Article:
Sometimes, I wonder if I am making any progress. I recently preached yet another sermon on a topic that I have been preaching on regularly since pretty much the beginning of my professional ministry. It is a topic that is important to me because it is tied so intimately to the faith I hold and seek to help others discover and develop. Sometimes, I approach the topic directly but this time, it came as part of a series of sermons on the letter of James.
As I planned the sermon series, I realized that once again, I would be dealing with the issue of Christians reading the Bible—or rather, Christians not reading the Bible. I gave the sermon the usual thought and meditation and prayer but discovered myself wondering about the bigger picture.
I understand the issue: I have read the dismal statistics concerning Bible reading among Christians; I have talked with individual believers about their difficulty reading the Bible; I have scolded and cajoled theology students about their lack of Bible reading. I understand the problem. When Christians don’t read the Bible and get all their Christian training from others, their faith will inevitably be stunted and inefficient at the very least and misguided and wrong at the worst.
But as I was preparing, preaching and reviewing this sermon, I was wondering why believers don’t actually read the Bible. I was not just thinking about the stated reasons: its hard to find time; I can’t understand it; its such a big book and so on. I am trying to figure out the deep down, essential reason that motivates people to ignore such an important resource in their faith development.
For me, reading the Bible was a natural step in my faith. I became a believer, the Bible was a book for believers therefore, I should read the Bible. There was never any question about that. Certainly, there were some times when I didn’t read it much but those times were actually few and far between, especially after I discovered that the Bible came in many flavours. All through my life, reading the Bible has been a regular part of my daily routine.
But then again, I read all instruction manuals and guide books—and keep them where I can find them and refer to them. I never know when I might forget where that infrequently used release button is on some tool or another. Not reading a manual or guide book strikes me as a really poor approach to discovering how best to use and care for a new item. And in the same way, reading the Bible seems like a no-brainer for anyone new to the faith—or anyone who has been in the faith for a while for that matter.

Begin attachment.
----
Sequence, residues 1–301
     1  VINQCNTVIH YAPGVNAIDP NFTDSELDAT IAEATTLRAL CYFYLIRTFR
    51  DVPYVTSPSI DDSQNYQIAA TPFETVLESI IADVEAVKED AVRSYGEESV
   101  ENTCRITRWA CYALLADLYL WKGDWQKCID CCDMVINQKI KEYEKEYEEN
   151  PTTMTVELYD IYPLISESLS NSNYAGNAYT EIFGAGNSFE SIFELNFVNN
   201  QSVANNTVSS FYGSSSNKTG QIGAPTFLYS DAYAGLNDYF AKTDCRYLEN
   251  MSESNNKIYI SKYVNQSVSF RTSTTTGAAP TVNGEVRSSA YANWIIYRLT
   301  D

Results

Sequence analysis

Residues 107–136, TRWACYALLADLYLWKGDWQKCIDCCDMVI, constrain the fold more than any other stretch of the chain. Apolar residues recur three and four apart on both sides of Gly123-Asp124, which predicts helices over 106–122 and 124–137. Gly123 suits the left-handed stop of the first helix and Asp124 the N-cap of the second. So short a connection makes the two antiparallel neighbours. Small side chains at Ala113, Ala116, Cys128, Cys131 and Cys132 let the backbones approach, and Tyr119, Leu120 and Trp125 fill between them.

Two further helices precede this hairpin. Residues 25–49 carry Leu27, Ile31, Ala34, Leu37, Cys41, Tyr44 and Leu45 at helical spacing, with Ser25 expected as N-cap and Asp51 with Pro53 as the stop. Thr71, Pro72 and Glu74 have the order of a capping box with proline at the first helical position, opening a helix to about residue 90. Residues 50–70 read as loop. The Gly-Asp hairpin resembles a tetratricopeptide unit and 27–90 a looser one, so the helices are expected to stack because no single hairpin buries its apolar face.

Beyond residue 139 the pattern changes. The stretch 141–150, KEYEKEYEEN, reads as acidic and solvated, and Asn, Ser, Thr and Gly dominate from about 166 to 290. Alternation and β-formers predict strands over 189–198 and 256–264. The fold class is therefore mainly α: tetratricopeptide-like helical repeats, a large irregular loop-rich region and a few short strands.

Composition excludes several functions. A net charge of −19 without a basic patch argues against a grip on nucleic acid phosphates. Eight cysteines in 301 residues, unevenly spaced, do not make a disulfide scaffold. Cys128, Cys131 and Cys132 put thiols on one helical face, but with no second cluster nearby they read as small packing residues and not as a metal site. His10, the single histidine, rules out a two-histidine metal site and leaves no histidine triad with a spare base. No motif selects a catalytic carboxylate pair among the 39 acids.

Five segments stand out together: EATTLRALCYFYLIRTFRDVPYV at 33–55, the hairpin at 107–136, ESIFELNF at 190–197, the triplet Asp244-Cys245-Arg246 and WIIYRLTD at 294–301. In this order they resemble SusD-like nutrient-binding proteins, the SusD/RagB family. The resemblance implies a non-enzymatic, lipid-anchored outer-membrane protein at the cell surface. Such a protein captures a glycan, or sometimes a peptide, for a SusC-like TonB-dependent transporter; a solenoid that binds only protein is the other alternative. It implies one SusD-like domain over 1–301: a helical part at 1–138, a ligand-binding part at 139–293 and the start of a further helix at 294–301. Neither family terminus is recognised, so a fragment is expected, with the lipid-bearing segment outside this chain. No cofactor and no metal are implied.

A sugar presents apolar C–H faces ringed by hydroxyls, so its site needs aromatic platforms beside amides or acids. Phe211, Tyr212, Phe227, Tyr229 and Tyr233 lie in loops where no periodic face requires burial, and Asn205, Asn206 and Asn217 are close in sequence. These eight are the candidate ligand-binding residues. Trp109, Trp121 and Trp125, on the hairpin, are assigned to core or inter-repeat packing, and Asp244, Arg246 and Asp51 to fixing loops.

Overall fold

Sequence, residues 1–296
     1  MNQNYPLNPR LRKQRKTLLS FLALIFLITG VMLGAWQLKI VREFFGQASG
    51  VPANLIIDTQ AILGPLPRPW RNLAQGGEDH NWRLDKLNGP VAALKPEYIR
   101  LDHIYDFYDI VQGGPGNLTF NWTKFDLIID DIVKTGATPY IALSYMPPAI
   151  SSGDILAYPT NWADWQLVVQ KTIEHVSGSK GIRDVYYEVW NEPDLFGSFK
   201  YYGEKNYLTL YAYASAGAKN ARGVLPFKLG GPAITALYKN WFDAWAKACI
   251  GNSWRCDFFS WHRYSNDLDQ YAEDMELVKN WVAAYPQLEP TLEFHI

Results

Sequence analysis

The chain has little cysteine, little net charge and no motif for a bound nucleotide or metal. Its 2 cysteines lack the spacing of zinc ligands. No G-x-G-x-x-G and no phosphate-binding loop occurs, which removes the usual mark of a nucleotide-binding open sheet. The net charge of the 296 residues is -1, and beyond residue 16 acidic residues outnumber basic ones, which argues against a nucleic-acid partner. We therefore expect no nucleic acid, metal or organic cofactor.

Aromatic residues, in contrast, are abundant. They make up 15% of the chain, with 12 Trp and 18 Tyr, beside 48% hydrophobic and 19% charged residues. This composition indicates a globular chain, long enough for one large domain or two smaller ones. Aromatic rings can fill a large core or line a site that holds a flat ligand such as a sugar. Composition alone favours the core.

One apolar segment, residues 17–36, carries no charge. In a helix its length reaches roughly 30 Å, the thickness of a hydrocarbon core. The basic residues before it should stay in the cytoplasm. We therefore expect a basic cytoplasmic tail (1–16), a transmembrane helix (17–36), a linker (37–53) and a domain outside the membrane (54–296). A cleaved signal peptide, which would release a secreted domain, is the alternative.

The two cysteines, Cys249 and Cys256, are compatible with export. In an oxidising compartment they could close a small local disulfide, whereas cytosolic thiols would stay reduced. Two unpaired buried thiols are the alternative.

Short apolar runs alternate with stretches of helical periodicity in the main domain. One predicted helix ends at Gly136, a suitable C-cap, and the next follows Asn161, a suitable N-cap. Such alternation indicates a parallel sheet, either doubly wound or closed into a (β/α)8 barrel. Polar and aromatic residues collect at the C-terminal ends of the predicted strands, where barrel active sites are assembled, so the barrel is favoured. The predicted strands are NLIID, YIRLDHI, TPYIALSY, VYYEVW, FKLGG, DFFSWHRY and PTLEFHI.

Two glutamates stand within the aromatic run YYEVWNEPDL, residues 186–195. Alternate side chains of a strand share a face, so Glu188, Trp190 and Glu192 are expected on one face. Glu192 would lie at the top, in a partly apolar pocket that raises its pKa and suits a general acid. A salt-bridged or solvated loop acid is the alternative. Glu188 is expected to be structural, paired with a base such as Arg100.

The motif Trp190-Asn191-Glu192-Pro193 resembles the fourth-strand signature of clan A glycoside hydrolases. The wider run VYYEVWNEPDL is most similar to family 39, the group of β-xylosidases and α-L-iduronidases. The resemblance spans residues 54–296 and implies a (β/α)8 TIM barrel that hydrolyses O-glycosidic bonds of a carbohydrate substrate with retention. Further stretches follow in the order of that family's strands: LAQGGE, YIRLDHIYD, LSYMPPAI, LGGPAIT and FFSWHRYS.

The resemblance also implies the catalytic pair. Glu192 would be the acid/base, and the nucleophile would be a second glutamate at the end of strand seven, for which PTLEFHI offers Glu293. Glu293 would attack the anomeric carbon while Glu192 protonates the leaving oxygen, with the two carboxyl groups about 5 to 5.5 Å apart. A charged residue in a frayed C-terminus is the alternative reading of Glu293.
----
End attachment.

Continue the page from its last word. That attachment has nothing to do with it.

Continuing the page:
And yet, I keep discovering that the majority of people I minister to haven’t actually read the Bible through—and some probably haven’t actually been exposed to any more of the Bible than what they hear weekly in worship. This confession comes out as I carry out pastoral visits, lead Bible study and talk with people casually. The confession of not actually reading the Bible is generally made with some sense of guilt and often followed by the person’s declaration that they should read the Bible (more)—but the next time we meet, I get the same confession and declaration.
And so, I keep at it. I keep reading and studying the Bible myself. I keep teaching and preaching the Bible. And I keep encouraging people to read the Bible themselves. I preach on it, I help people find appropriate Bibles to read or listen to, I answer questions and give explanations, I even encourage skimming or skipping the slow parts. And sometimes, someone will actually start reading the Bible because of what I have been saying and modelling. And even more exciting is when the person who started reading discovers the actual presence of God through the Holy Spirit as they read.
I wish I could prepare the one sermon that would convince everyone to read the Bible or develop the can’t resist reason that would get every believer reading the Bible regularly. But given the reality that there isn’t one sermon or reason that is going to get everyone reading the Bible, I will keep plugging away, trying to help people discover that most of their questions and struggles in the faith are a whole lot easier to deal with if you read the guide book.
May the peace of God be with you.